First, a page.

Architects show off trails plans

Published 12:00 am Friday, September 26, 2008

NATCHEZ — At a community meeting Thursday afternoon, Natchez Trails project architects gave a comprehensive presentation on their plans for the project.

Dwight Weatherford, architect with Weatherford and McDade, based in Jackson, said the project is still in its early phases.

And McDade, David Gardner, project chairman and Hap Owen, the designer with Jackson-based Communication Arts Company, want community involvement and suggestions on the plan.

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The trails begin on Broadway Street and go across the north side of town, from Madison Street to Rankin while the south side covers from Washington Street to Martin Luther King Jr. Street.

“The focus of those two trails is the history of Natchez,” Weatherford said. “There’s history pouring out at every corner, just about.”

For example, a marker could show a photograph of a pre-restoration Texada at the corner of Washington and Wall streets.

Owen said the idea is to show people as best they can what the Natchez of old looked like.

“What we’re trying to do is make this come alive to the audience,” he said.

Gardner validated what both men were trying to say.

“It’s a glimpse back in history of where you’re standing and what you’re looking at,” he said.

At the base of each sign and at every intersection along the trails will be bronze cast markers embedded in the sidewalk to point walkers in the right direction.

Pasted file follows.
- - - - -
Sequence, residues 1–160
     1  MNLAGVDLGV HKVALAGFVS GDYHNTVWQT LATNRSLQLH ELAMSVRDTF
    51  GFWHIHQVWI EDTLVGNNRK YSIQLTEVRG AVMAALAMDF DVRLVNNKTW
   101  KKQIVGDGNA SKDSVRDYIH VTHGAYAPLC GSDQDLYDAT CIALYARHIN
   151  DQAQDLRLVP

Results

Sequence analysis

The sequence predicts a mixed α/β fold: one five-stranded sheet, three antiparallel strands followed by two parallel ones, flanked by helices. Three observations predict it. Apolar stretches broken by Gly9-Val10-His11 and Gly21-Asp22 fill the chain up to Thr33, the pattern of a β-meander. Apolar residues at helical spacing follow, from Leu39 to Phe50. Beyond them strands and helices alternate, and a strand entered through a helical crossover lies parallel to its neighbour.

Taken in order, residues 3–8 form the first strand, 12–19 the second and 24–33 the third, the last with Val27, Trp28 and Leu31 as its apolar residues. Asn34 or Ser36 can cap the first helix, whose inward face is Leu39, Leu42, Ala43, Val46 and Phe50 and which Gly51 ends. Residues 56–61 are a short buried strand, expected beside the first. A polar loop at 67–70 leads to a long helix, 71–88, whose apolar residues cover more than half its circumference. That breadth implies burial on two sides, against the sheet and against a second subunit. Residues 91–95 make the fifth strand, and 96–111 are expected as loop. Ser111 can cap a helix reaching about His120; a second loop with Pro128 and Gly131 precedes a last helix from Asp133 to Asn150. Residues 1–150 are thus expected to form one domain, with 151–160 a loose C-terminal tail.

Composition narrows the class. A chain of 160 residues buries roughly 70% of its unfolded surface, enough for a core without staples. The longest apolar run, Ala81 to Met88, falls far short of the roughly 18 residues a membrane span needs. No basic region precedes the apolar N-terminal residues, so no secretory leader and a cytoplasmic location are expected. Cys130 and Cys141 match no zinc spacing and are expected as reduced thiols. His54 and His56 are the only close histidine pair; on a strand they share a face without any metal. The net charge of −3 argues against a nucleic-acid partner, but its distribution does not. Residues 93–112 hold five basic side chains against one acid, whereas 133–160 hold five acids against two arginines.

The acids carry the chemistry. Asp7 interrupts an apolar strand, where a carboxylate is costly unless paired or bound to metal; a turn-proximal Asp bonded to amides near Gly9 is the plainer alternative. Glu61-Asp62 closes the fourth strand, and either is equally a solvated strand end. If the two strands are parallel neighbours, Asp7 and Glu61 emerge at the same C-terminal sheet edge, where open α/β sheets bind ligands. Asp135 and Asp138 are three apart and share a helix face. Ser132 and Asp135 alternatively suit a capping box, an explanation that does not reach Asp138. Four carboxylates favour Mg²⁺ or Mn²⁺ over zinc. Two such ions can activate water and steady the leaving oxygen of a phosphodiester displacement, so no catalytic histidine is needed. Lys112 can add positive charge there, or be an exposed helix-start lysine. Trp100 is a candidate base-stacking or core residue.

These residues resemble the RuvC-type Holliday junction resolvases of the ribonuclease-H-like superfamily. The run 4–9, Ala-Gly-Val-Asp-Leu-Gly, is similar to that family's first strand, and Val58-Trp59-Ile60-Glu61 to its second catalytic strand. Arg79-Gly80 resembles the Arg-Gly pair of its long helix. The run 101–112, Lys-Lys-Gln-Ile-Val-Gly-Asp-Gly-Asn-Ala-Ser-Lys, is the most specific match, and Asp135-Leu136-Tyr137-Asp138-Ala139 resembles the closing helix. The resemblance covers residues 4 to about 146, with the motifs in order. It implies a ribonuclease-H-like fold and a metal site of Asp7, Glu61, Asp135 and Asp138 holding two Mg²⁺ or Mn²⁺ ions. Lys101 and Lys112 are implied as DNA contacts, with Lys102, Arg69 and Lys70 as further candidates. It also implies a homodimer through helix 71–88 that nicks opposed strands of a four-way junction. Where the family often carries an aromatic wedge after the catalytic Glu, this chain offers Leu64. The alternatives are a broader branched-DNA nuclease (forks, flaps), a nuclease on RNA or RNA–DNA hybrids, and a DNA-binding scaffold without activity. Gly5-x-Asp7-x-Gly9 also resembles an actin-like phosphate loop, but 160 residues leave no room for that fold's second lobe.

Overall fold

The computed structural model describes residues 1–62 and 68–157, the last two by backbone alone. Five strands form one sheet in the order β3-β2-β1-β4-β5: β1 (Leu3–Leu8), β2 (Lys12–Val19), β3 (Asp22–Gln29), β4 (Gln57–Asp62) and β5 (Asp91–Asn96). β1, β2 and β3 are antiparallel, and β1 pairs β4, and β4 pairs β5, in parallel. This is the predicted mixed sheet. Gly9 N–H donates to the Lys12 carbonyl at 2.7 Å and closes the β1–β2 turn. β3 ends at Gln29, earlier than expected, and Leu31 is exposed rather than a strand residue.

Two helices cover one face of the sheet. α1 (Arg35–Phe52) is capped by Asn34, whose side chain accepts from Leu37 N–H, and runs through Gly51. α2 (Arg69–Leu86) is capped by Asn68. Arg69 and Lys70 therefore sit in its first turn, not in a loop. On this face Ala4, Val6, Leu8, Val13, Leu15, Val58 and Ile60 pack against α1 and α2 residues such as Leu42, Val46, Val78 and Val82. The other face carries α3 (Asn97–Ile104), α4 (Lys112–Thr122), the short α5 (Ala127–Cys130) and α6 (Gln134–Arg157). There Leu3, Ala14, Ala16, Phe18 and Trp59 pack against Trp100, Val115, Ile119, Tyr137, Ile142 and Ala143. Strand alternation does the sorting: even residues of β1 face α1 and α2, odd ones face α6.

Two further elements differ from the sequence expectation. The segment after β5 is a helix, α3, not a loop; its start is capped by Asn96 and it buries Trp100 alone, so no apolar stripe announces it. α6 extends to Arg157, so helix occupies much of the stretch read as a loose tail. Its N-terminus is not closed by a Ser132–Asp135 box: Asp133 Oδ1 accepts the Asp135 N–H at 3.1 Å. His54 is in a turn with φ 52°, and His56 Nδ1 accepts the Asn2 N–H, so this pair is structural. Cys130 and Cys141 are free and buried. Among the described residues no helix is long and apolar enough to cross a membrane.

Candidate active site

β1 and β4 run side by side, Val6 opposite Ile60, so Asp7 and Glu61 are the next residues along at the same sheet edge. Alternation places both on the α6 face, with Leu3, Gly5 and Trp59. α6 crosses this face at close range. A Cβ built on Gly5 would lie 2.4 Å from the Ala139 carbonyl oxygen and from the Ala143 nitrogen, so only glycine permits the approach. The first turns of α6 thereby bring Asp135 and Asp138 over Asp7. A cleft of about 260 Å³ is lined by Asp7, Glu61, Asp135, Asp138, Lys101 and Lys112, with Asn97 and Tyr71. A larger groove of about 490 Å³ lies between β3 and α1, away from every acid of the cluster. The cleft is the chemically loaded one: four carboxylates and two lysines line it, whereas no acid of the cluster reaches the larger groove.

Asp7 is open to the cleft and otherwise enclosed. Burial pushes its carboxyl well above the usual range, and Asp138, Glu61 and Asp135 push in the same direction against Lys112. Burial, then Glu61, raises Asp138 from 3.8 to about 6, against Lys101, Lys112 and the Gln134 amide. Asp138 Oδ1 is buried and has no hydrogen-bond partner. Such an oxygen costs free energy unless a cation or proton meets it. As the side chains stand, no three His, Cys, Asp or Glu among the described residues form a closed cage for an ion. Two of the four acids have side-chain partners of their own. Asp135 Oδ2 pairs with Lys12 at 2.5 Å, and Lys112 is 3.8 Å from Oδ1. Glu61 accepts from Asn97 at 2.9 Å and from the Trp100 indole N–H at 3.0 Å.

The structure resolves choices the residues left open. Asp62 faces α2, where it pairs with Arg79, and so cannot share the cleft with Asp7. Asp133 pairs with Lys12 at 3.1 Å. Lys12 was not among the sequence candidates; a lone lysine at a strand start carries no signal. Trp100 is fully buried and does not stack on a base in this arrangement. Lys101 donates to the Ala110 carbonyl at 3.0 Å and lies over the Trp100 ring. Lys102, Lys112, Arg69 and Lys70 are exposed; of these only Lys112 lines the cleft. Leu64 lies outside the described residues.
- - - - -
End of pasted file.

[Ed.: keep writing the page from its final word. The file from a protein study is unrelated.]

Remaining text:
Natchez National Historical Park Superintendent Kathleen Jenkins brought up heritage tourism at Thursday’s meeting and said the city is trying to focus on it.

Gardner urged incorporating black history into the trails.

What garnered the most comments from community members was the discussion over the bluff trails.

Bluff trails will begin by Cock of the Walk with an informational kiosk. The trail running on the north side of the bluff replaces the chain link fence with a wrought iron fence.

Alongside the newly installed fence will be a eight-foot sidewalk with a four-foot planting bed separating it from a 12-foot bike path.

The south side of the bluff will have an overlook tower constructed as part of the gazebo.

It will hang slightly over the edge of the bluff, with a system of stairs that will lead down to the river.

The trail along the river also begins at the top of Roth Hill Road, then connects to a timber bridge that leads to Learned Mill Road.

Community members wanted to know more about the kiosk, which will host water fountains, seating and a bike rack.

Public bathrooms were discussed, since there aren’t any downtown, and Gardner said he would need to check the budget and see if it would allow for a public bathroom.

He said attaching a bathroom to the city-owned Cock of the Walk building could be possible.

Attendees also suggested swings, benches or some sort of seating along the bluff.

Work is projected to begin in spring 2009.